Indian Women Leave Sharif
INDIAN WOMEN have managed to severely and mortifyingly dent the credibility of the Prime Minister of a Pakistan at the leading global forum, the United Nations General Assembly. India fielded External Affairs Minister Sushma Swaraj to make its policy statement September 26 in the high level segment of the 71st session of the UNGA. In a statesman- like fashion, she said India’s primary objective was to remove poverty and aid development of its people, and outlined its positive contributions towards the world body’s sustainable development goals (SDGs).
Stressing India’s much larger and infinitely more diverse agenda, Mrs Swaraj laid out the specific initiatives her government had taken to promote gender parity, remove poverty, promote health, education and skills and provide employment, while encouraging cleanliness and coping with climate change. She also officially announced that India would ratify the Paris Climate Change Agreement on October 2, the birth anniversary of global peace and sustainable development icon Mahatma Gandhi. The positive benefits of Yoga found mention in her address, as one among the many positive contributions India
has made to the world.
She then turned to the extremely negative and destructive influences that terrorism has wrought the world over, and sought universal isolation of such influences while highlighting how much of terrorist activity, including funding and arming terrorists, emanated from Pakistan. In a few rhetorical flourishes, she showed up Pakistan’s Prime Minister Nawaz Sharif for the hollowness and indeed, untruths, behind his entire set of allegations, and showed him to be seeking a land grab. Her unequivocal denunciation of Pakistan’s attempts to grab the territory of Jammu and Kashmir and to “stop daydreaming about capturing J&K, an integral part of India” appeared to hit home, as Pakistan scrambled to field a woman (Maleeha Lodhi, Pakistan PR to the UN) to call the Indian external affairs minister’s statements “a pack of lies” with no substantiation.
A few days before Mrs Swaraj took the stage, another Indian woman was chosen to respond to Mr Sharif’s entirely India-centric diatribe, which passed for an address to the UNGA on September 21. The global forum witnessed how a young Indian diplomat, in less than three minutes, managed to demolish the Pak Premier’s bluster.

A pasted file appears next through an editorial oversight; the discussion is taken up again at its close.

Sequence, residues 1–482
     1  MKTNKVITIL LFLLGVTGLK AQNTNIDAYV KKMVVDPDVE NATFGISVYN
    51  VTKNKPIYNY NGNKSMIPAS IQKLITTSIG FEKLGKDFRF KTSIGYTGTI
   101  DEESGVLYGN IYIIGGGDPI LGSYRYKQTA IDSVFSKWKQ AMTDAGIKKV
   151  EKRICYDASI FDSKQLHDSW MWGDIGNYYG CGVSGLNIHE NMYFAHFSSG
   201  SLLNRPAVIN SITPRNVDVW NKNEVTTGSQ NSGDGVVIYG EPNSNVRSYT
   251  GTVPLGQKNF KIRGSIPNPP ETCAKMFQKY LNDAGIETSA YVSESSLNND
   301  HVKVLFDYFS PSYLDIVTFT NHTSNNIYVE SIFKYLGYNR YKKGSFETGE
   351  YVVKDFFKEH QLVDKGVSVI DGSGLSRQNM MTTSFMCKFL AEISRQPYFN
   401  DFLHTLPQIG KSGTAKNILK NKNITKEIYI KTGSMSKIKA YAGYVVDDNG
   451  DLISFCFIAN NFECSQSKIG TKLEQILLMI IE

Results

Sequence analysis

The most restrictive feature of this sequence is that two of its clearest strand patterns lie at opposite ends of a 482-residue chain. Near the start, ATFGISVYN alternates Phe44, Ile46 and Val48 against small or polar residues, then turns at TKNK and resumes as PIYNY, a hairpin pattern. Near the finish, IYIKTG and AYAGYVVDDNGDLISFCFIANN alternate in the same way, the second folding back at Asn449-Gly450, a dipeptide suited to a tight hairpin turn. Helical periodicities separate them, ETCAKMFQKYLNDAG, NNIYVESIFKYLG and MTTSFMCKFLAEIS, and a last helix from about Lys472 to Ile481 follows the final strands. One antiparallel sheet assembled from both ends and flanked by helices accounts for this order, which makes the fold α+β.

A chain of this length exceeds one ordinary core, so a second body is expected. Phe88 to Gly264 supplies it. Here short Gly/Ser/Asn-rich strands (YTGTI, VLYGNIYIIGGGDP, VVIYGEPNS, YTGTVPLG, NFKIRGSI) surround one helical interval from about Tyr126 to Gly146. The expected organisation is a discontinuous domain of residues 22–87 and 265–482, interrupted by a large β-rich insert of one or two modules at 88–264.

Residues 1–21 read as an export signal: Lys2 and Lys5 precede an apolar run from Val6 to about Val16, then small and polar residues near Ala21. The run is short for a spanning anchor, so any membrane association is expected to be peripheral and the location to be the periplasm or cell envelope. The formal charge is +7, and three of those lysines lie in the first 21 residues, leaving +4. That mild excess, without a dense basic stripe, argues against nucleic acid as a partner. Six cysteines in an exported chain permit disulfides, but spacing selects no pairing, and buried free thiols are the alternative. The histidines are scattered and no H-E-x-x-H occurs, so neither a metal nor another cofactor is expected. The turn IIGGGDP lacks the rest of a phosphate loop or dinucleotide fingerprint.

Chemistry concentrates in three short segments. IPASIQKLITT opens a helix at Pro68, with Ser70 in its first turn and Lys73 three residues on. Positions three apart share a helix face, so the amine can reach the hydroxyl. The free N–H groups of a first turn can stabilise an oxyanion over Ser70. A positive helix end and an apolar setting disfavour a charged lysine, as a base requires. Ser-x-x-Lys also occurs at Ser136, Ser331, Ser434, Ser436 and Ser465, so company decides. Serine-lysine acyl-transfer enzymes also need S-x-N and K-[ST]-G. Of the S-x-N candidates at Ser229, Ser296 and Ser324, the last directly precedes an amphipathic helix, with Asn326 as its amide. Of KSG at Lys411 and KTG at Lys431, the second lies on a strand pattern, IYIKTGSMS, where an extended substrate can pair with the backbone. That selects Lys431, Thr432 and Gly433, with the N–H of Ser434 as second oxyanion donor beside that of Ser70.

India chose Eenam Gambhir, a young woman diplomat posted as First Secretary at its permanent mission to the UN, to deliver the first response to Pak PM Sharif’s address at the General Assembly that dwelt only on the issue of Jammu and Kashmir. It was a well thought out choice and, for India, it worked very well.
Gambhir, who delivered the riposte when India exercised its “right of reply,” termed described Mr Sharif’s speech as “a long tirade,” and demolished the Pak Premier’s critique by reminding those present that India’s neighbour played host to “the Ivy League of terrorism.” Quietly, without any rhetorical flourishes and in language that would resonate with the host nation the USA, Gambhir, who is no stranger to Pakistan, having served a year in the Pakistan division of the MEA in New Delhi, said, “It is ironical that we have seen today the preaching of human rights and ostensible support for self-determination by a country which has established itself as the global epicentre of terrorism.”
“The worst violation of human rights is terrorism. When practiced as an instrument of state policy it is a war crime,” said Gambhir who was chosen to deliver the riposte after Sharif’s diatribe by Syed Akbaruddin, India’s Permanent Representative to the United Nations.
Sources told India Strategic that Gambhir, who came to New York just several months ago, was asked to draft a reply. The reply was intended to “skilfully use language to demonstrate the facts to counter the Pakistani Premier,” a source told India Strategic.
Recalling the tragedy of the 9/11 attacks in the USA, the young diplomat from New Delhi said, “Only last week, the international community honoured the memory of thousands of innocent victims from around the world, who lost their lives not far from here in New York fifteen years ago in a most horrifying terror attack. “The world has not yet forgotten that the trail of that dastardly attack led all the way to Abbottabad in Pakistan.”
“What my country and our other neighbours are facing today is Pakistan’s long-standing policy of sponsoring terrorism, the consequences of which
have spread well beyond our region.”
Her most devastating statement, delivered with quiet ease, spoke of how “The land of Taxila, one of the greatest learning centres of ancient times, is now host to the Ivy League of terrorism. It attracts aspirants and apprentices from all over the world,” she said adding, “The effects of its toxic curriculum are felt across the globe.”